Over the past month, Vancouver police officers have been cracking down on street disorder in the Downtown Eastside by handing out tickets for everything from illegal vending and riding a bicycle on the sidewalk to jaywalking and spitting.
The normally chaotic makeshift market that takes up a half-block at the corner of East Hastings and Carrall has been deserted as police officers hand out tickets and arrest vendors with outstanding warrants.
Downtown Eastside residents and bottle binners often use the block to sell found goods. Drug dealers also operate in the dense crowd. Many of the vendors feel the ticket blitz is vindictive.
“I’m just trying to feed myself,” said Dawn, who was selling random hair care products on a blanket and received a ticket for “displaying merchandise on the sidewalk.”
“It’s better than robbing people. I found this stuff in the dumpster and I’m trying to do something positive. But the cops are a bunch of vultures who keep harassing us all the time.”
Vancouver Police Department spokesperson Const. Tim Fanning confirmed that the police are focusing their resources on street disorder in the neighborhood in order to make the “community more liveable.”
“Often we warn people before we give a ticket out,” said Fanning, who could not say how many tickets had been handed out. “Anybody that has ever got a ticket for street vending has probably got at least one warning before. I’d say we’re very good that way.”
However, many in the neighborhood complain that they can’t afford the bylaw fines, which range from $100 for jaywalking and riding a bicycle on the sidewalk to $250 for vending without a business license.
“How am I going to pay a $100 ticket when I’m on social assistance,” asked David Napio, who said he received two tickets for jaywalking and one for spitting in the past week. “There wasn’t a car on the street [when I jaywalked]. I’m not that stupid. The cops need to use some discretion.”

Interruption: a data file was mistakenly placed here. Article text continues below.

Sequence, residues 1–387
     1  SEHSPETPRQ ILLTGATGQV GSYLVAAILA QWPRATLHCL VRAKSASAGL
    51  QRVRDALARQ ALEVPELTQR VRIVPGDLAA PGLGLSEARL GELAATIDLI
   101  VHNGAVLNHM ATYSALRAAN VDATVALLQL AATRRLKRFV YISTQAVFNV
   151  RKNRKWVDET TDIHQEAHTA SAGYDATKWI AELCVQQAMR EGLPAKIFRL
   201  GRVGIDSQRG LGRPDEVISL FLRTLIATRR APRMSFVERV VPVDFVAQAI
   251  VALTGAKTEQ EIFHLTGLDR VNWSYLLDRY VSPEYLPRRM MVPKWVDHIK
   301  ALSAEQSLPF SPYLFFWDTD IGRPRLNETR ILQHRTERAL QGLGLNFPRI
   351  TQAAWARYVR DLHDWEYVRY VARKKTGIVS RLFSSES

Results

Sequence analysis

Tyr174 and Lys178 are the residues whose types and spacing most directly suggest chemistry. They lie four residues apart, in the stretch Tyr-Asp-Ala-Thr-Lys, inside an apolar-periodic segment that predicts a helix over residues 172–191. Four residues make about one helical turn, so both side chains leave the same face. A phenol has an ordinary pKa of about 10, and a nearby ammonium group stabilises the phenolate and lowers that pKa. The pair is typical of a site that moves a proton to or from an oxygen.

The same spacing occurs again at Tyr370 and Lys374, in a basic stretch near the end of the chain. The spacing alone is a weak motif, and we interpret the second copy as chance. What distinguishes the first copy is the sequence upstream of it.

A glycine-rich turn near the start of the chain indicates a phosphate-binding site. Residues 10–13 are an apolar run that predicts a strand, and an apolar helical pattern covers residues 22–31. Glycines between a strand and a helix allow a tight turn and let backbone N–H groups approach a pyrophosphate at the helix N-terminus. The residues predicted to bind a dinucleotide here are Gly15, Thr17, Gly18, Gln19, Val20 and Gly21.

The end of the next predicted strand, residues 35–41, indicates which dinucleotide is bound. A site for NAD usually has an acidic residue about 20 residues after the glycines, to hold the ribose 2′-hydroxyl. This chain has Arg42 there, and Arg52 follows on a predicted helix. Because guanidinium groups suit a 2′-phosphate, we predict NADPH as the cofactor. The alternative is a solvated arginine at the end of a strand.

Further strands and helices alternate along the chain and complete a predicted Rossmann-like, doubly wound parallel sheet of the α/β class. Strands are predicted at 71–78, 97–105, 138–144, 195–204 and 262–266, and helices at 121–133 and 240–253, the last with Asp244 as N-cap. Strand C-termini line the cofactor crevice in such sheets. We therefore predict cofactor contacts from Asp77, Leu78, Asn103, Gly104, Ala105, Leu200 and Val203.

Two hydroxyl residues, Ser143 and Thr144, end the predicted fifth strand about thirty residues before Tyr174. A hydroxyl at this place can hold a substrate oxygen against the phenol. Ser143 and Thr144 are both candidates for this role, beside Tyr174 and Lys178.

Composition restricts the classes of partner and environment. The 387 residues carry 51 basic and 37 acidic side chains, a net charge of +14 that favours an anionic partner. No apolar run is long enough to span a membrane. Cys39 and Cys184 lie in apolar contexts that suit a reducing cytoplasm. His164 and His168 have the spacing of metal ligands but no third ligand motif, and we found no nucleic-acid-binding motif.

But Fanning said street disorder is the “thin edge of the wedge,” and if the police allow bylaw infractions to continue it could escalate into a “mess.” He added that the police must enforce the law regardless of a person’s income.
“We can’t do an economic assessment of everybody we’re giving a ticket to,” said Fanning. “If we went by [that] logic, we’d only give tickets to people who were driving Mercedes.”
Still, many in the neighborhood see the crackdown as part of an escalation against Downtown Eastside residents in the lead up to the Olympics. This past summer, police handed out tickets to homeless people for camping in Oppenheimer Park and have intermittently given out tickets to vendors and homeless people around Hastings and Carrall—either locking up people’s belongings or throwing them in a dump truck.
Gregor Robertson, who became Vancouver’s mayor and chair of the police board earlier this month, said he plans to “send a strong signal” to the VPD that officers should focus on violent crime and the hard drug trade, and not jaywalking and spitting.
“The real solution is to create a community that provides adequate affordable housing, detox facilities, mental health services and job opportunities in the DTES and across the city,” Robertson wrote in an email response. “We can’t ticket our way out of our problems.”
Robertson said he and Vision councilor George Chow are looking into the idea of starting an organization like Cheapskates in the Downtown Eastside where “reusable goods that are retrieved can be cleaned, repaired and be sold or exchanged in the community.”
United We Can executive director Ken Lyotier had floated the idea of a Binner’s Market in the past. Robertson said police could easily regulate the market to ensure there aren’t any stolen goods.
Reprinted from Megaphone Magazine through the Street News Service, www.street-papers.org